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26. Behavioral Economics Foundations: The Sense of Taste

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Today marks the halfway point in our series on the five senses – we have already talked about sight and smell…and today we are digging into taste. Smell and taste are closely linked so be sure and listen to last week's episode about the sense of smell. Both taste and smell use chemical receptors to the brain, and are our more primitive senses.

Smell is directly tied to the emotional center of the brain and also closely bonded to our memories. Taste is not as strong in that department, but it still has more of a link than some of the other senses. In this episode, I talk about parts of the sense of smell that are closely tied to taste. We dig into mirror neurons for the first time. In case you don't know, I explain what anosmia is and tie everything into ways to increase and improve your business.

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Show Notes

  • [09:25] Smell and taste are closely linked together. Both use chemical receptors in the brain and are more primitive senses.
  • [09:50] Taste and smell are closely linked (unless you have anosmia a condition where someone loses their sense of smell).
  • [11:02] People who lose their sense of smell also lose the majority of their sense of taste. Why? Because taste is actually 80% smell!
  • [11:53] Your olfactory bulbs are bringing in the molecules that help you distinguish between all those scents to help you have a better sense of what you are tasting (and tying that to memories and emotions).
  • [12:41] Our tongue’s 10,000 taste buds can basically distinguish between a few categories of flavors – salty, sweet, sour, bitter and umami (which is sort of a savory flavor).
  • [13:11] The tongue’s taste receptors basically know if something is salty or sweet, but can’t tell the difference between the flavor of a tortilla chip or a pickle. The nose is required for that.
  • [13:36] We can actually taste all flavors at any area on the tongue (and some of the rest of our mouth as well).
  • [13:48] Taste is actually strongest around the edge of your tongue.
  • [13:59] “Spicy” is not a taste – it is a pain receptor.
  • [14:23] The little bumps you can SEE on your tongue are NOT your tastebuds! Those are called fungiform papillae and the taste buds are down between those bumps.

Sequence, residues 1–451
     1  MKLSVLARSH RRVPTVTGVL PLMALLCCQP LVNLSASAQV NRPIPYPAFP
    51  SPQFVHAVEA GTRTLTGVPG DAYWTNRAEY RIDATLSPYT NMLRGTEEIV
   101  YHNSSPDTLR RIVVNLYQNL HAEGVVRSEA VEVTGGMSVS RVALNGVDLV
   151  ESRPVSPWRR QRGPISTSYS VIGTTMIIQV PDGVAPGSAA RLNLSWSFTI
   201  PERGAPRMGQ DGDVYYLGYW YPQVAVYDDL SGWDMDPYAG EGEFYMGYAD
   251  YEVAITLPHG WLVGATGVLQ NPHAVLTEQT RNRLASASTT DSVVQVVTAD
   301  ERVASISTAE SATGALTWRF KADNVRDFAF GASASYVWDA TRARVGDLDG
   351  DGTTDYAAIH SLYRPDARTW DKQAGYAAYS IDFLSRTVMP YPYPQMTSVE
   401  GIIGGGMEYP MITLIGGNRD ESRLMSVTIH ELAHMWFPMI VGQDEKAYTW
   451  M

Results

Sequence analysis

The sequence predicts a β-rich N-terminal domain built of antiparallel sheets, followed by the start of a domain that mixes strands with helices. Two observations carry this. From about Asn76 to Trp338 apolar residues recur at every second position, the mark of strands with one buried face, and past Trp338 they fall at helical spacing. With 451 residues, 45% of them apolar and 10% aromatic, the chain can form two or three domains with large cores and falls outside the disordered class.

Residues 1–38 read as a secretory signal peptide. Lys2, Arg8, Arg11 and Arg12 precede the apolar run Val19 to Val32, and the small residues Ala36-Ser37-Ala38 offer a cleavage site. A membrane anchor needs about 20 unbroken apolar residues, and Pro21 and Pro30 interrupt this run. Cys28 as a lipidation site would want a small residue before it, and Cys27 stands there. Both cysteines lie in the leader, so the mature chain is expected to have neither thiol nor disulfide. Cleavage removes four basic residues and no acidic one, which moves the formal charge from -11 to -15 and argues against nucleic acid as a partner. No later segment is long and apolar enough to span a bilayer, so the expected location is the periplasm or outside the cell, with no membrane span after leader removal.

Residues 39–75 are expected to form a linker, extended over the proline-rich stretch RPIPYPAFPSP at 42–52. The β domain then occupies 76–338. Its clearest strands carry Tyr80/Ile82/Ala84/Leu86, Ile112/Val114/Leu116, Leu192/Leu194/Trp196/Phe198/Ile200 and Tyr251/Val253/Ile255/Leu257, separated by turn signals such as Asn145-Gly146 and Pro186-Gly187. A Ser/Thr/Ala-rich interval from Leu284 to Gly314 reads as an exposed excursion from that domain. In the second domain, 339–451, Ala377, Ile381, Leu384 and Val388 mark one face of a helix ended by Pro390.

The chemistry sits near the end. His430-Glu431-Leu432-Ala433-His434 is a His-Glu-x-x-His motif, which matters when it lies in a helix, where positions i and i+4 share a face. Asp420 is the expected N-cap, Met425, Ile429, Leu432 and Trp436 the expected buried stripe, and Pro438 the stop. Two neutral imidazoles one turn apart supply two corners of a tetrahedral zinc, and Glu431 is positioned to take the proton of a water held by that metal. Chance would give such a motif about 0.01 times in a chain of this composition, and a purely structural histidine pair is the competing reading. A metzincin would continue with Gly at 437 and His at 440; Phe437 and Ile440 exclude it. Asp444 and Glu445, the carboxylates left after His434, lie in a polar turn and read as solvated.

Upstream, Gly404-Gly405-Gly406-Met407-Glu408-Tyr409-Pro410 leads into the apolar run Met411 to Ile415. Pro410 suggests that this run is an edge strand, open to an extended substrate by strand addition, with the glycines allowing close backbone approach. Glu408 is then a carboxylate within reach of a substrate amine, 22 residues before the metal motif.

• [15:02] The tongue absorbs molecules from the foods we eat and sends a signal to the brain, which then determines what category it falls into.
  • [16:25] MIRROR NEURONS These are basically what allow us to “feel” what others feel.
  • [17:21] The story of how scientists accidentally discovered mirror neurons in a lab in 1991.
  • [18:56] MIRROR NEURONS AND BRANDING
  • [19:44] Cleaning products used to have the face of Mr. Yuck on them.
  • [20:44] Using food and the sense of taste can quickly backfire on you because of mirror neurons.
  • [22:06] If you ARE selling food – good news! You can trigger mirror neurons all the time and use them to your advantage.
  • [22:28] Studies have shown that taste relies on all the other senses to create a full experience.
  • [22:39] Sight is important. If you have ever watched a tasting challenge on the food network you know that being able to see the food makes a difference. The expectation of what is coming to them impacts the taste.
  • [24:07] Some studies have shown that taste tests for orange juice varied based on color alone.
  • [24:28] Think about eating a potato chip, or celery or popcorn. If you can’t hear the sound of chewing it – that satisfactory crunch – does it impact your perception of taste? You bet it does!
  • [25:33] Touch includes the feel in your hands as well as texture and temperature. These all impact taste.
  • [26:15] When it comes to taste – all the senses are involved because of the way they are processed in the brain.
  • [26:31] Our brains get what they expect.
  • [27:26] Don’t judge a book by its cover? Unfortunately, we do every day – which is one more reason brands matter.
  • [30:37] We know taste is greatly impacted by all the senses.
  • [31:32] When it comes to advertising the taste of something – incorporate all the senses if you can.
  • [34:01] The words you choose, images, smells, flavors, sounds, and everything else matters.
  • [34:52] Everything leading up to the interactions with your brand matters more than what you are selling, the price – and the taste if you have one.
  • [35:11] So always, always be strategic and thoughtful in everything you do.

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